The next UK prime minister is bad for the pound—whoever he is

Deal or no deal?
Deal or no deal?
Image: Matt Frost/ITV
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In just under a week, the contest to become the next leader of the UK Conservative party—and by extension, the country’s next prime minister—will come to a close. Traders aren’t waiting to find out who wins: they’ve already decided it’s bad news. Both candidates, current foreign secretary Jeremy Hunt and Boris Johnson, who previously held the same position, have pushed the UK on a path to a destabilizing “no-deal Brexit” at the deadline of Oct. 31.

In a debate yesterday, both said a crucial part of the previously negotiated exit deal—the Irish backstop, which is like an insurance policy to avoid imposing a hard border between Northern Ireland and the Republic of Ireland—had to be removed from any agreement between the UK and EU. But the EU has repeatedly said the backstop is an essential part of the withdrawal agreement.

With Hunt and Johnson thus raising the chances that a deal both sides can agree on won’t be reached by the Halloween deadline, the pound is down against its major peers. At the time of writing, sterling was 0.7% weaker against the US dollar and down 0.4% against the euro, despite better than expected labor market data published today.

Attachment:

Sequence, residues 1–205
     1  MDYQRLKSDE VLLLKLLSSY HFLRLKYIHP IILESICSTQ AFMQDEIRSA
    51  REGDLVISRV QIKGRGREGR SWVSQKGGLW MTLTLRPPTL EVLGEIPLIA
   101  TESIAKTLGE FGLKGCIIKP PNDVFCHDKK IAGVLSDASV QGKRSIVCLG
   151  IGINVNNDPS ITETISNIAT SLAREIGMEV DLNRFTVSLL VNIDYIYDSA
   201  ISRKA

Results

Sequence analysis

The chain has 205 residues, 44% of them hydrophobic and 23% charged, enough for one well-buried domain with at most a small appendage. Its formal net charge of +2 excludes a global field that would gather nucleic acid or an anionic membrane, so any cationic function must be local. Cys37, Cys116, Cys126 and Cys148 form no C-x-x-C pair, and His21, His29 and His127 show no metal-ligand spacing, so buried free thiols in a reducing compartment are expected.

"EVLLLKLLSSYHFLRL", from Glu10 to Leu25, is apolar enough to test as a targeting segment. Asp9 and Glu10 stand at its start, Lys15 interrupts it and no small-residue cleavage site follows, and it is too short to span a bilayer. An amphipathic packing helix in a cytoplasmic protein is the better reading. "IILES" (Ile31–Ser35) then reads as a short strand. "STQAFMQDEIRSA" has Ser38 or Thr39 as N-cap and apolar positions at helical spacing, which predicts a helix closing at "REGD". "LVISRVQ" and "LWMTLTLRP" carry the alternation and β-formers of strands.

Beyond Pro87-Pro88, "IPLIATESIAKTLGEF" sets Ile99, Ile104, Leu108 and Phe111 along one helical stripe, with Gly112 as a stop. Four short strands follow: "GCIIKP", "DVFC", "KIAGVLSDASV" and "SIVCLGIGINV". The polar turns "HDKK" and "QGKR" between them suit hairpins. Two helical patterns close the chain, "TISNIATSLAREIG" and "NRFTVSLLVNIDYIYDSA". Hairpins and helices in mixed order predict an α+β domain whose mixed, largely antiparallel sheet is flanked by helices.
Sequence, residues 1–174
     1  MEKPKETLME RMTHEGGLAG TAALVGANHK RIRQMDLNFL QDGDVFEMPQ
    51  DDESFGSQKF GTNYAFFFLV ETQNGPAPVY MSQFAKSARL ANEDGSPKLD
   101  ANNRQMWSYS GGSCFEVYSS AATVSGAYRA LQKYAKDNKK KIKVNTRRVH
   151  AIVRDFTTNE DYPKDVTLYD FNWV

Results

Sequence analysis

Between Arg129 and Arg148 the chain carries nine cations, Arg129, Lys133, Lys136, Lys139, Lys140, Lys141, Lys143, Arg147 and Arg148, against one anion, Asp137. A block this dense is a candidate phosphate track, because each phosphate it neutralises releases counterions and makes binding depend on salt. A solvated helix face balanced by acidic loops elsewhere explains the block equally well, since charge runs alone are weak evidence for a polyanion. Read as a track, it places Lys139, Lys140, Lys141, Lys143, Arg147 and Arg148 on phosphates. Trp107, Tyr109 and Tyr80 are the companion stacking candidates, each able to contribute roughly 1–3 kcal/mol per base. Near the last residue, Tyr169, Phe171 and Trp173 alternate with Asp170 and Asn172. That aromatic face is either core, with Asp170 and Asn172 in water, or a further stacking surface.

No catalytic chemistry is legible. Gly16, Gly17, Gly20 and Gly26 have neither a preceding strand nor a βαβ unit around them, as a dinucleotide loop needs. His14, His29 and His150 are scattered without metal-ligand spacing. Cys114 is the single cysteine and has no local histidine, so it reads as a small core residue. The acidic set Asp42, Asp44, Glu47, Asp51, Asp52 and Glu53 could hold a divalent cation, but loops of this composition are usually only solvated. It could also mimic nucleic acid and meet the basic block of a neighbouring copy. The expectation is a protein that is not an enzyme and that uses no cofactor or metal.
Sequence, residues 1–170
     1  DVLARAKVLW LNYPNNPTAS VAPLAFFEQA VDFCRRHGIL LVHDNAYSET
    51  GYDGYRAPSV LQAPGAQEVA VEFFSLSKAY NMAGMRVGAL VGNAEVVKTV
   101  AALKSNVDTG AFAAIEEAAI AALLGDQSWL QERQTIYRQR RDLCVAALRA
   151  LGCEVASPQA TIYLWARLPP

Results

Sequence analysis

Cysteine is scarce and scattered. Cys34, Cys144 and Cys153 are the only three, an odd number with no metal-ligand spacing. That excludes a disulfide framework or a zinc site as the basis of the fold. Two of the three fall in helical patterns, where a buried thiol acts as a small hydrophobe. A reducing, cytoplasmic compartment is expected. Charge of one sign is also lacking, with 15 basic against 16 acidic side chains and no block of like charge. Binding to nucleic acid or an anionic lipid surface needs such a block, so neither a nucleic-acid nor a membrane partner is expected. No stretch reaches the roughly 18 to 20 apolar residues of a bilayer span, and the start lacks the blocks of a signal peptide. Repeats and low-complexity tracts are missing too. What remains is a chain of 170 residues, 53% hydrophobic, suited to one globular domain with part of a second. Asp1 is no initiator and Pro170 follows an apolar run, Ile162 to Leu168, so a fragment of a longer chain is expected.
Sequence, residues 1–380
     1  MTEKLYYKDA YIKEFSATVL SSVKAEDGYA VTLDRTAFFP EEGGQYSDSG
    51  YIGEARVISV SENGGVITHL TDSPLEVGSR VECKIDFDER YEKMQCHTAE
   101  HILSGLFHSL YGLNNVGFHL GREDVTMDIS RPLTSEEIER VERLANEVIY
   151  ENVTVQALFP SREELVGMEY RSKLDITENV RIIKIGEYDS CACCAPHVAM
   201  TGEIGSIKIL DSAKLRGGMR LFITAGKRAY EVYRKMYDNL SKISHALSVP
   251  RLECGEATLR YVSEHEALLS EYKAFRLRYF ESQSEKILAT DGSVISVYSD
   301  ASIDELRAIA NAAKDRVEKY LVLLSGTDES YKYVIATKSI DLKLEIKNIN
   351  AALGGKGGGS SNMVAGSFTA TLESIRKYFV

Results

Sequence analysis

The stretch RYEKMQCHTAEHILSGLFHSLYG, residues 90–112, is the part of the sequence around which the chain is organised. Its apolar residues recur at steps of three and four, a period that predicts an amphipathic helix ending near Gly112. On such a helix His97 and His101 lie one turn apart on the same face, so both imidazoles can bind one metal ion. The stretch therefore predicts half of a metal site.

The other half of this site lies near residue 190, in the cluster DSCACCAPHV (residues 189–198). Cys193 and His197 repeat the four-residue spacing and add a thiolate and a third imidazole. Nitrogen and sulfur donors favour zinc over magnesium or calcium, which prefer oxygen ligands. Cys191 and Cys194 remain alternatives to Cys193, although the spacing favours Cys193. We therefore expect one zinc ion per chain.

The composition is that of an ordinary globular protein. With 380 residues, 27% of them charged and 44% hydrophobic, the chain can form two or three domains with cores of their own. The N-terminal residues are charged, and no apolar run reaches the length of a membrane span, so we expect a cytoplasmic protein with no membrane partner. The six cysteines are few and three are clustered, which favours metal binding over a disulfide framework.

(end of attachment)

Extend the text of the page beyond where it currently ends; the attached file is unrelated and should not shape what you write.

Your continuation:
“This story confirms both candidates have set themselves a self-defeating high bar for talks with the EU,” Jordan Rochester, a currency strategist at Nomura, wrote in a note today. “For now in the short term the news flow is awful and EURGBP could be entering a range around 0.9050 once again.” The pound-to-euro rate is currently trading at 0.903, and so the euro would only need to strengthen by about 0.2% to reach Rochester’s range, where it was at the start of the year.

The pound is the weakest currency among G10 currencies over the past day, past month, past three months, and past year, according to Ed Conway of Sky News. And according to an analysis by Bloomberg the outlook is set to deteriorate even further. The pound has weakened against the dollar in August for the past five years—that is, before and after Brexit—as traders tend to play it safe over the quieter summer months.